On September 4th, 2012 in Managua, Nicaragua, Daniel Ortega – the president of Nicaragua – announced Nicaragua’s withdraw from the institution formerly known as the School of the Americas (SOA), an institution specialized in training Latin American dictators and military personnel in forms of human rights violations such as repression and torture. A nine-day, international-peace promoting delegation co-sponsored by the SOA Watch and Nicaragua Network made for the perfect setting for Ortega’s announcement. The Western Hemisphere Institute for Security Cooperation (WHINSEC), more famously known by its former name – SOA – is located in Fort Benning, Georgia. Moreover, Ortega has described his nation as being the SOA’s victims.
President Ortega has an agenda planned for his country that involves Nicaragua becoming a more independent country. In his opinion, their involvement with the SOA – among other things – is hindering that from happening. At the delegation, President Ortega described the SOA as a “symbol of death…[and] terror” and as an “ethical and moral anathema.” With the South American countries of Argentina, Bolivia, Uruguay, and Ecuador having already withdrawn its troops from the SOA, Nicaragua is continuing the trend of solidarity within the region by being the first Central American country to withdraw its troops and continue its progressive stride in the right direction. In 2008 Nicaragua had 78 students enrolled in the school, then a mere five students in 2011, and finally zero students enrolled this year prior to Ortega announcing the official withdraw. Nicaragua further progressed its efforts of self-sufficiency by retracting its membership from the Interamerican Treaty of Reciprocal Assistance – a military pact that is predominantly influenced by the United States’ interests.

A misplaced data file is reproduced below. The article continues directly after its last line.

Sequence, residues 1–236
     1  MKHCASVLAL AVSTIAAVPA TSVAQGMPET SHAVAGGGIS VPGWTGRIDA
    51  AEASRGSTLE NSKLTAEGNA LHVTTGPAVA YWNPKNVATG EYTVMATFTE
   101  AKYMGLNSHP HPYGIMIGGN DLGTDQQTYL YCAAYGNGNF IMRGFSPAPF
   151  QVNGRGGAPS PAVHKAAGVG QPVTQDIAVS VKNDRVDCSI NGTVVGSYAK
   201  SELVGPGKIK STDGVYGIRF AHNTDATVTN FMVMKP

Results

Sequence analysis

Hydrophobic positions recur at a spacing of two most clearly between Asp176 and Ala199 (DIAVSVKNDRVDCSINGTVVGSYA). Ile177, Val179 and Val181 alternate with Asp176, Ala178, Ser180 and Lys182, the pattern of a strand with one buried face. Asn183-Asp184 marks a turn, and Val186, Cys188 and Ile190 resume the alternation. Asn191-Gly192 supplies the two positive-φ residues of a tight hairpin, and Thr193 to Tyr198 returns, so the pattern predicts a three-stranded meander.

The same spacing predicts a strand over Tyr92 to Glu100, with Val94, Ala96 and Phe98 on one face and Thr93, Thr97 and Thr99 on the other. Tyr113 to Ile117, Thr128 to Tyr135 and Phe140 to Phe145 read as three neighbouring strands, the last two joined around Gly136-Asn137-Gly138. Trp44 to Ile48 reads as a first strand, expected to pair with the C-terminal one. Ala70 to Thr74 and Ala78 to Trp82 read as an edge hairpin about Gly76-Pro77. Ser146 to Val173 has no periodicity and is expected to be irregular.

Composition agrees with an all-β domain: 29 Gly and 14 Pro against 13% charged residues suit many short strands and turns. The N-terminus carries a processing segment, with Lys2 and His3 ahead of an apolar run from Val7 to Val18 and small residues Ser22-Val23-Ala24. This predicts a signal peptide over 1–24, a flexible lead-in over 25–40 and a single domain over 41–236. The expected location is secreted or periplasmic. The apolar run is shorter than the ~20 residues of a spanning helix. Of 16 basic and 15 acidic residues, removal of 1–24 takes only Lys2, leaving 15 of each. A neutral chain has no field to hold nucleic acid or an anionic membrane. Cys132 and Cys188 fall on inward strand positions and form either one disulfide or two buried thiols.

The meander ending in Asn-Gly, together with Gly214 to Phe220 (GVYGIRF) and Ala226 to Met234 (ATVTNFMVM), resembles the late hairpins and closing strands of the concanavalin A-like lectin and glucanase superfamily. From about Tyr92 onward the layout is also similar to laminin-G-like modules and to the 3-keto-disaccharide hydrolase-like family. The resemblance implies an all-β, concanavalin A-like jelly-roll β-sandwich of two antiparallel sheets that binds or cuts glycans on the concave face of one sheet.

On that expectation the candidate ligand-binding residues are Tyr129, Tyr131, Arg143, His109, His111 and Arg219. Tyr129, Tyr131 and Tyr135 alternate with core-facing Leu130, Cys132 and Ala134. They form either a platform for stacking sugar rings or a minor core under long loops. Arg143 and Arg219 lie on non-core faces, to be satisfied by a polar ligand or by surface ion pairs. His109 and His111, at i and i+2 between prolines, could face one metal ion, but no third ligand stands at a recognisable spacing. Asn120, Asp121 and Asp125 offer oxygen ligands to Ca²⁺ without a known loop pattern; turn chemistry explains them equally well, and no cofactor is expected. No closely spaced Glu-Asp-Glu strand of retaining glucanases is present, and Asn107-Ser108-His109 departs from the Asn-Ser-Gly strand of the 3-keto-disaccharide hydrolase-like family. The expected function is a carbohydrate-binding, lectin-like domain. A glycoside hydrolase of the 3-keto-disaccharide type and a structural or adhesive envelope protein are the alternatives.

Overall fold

While Nicaragua straying as far as possible from things associated with the United States is crucial, it is not nearly enough according to SOA Watch member and organizer Lisa Sullivan. As Sullivan described it after Ortega’s announcement, the U.S. is “ … a nation that continues to punish [the country] for any slight step out of line by withholding their funds, while also blocking other international funds destined for Nicaragua.” Whatever the case may be for Nicaragua’s future, Ortega’s decision spreads a sense of hope and solidarity among other Latin American countries and the world.
“Nicaragua Withdraws from School of the Americas: “We Have Been Its Victims”.” Cosner, Colette. Yes! Magazine. 05 2012: n. page. Web. 14 Nov. 2012.
“VICTORY! Nicaragua Withdraws from the SOA.” Sullivan, Lisa. SOA Watch: Close the School of the Americas. Web. 14 Nov 2012. <http://www.soaw.org/about-us/equipo-sur/212-delegations/3966-victory-nicaragua-withdraws-from-the-soa>.
Student Researchers: Tiara Winston, Andi Mills, Marie Adams; DePauw University
Expert Evaluator: Glen Kuecker, DePauw University, Ph. D. Latin American History
Faculty Instructor: Kevin Howley, DePauw University
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